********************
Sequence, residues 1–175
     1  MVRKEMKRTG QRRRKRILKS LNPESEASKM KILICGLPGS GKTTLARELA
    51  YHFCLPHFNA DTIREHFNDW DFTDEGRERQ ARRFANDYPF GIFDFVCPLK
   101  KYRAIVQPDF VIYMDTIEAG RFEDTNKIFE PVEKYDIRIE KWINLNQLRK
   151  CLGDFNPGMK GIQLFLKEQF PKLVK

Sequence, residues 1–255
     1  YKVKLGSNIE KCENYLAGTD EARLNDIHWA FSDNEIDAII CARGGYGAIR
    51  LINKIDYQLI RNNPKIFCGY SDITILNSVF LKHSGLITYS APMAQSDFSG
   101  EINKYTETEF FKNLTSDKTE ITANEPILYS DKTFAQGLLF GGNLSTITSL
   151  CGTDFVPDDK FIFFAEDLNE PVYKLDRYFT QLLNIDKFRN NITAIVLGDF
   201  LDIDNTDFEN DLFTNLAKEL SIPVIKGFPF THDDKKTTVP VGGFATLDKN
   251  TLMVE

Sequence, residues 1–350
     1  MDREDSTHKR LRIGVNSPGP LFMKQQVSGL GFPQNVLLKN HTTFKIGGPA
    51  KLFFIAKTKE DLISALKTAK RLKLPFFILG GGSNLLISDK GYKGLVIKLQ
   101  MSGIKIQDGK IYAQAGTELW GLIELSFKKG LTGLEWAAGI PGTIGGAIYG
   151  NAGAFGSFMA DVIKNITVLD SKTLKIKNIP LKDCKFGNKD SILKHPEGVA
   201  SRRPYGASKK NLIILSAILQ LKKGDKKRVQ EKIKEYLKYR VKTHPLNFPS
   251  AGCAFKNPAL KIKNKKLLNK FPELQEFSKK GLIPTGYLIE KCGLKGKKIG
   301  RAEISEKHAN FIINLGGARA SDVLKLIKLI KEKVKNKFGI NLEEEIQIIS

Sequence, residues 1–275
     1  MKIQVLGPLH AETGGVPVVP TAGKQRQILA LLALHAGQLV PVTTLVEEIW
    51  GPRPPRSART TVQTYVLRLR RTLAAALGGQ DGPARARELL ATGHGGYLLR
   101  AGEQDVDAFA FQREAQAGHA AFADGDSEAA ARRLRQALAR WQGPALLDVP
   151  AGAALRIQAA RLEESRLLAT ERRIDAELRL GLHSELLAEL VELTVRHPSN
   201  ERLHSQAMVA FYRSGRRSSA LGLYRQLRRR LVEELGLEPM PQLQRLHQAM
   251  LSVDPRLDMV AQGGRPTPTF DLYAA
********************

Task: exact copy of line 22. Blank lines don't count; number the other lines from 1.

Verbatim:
     1  MKIQVLGPLH AETGGVPVVP TAGKQRQILA LLALHAGQLV PVTTLVEEIW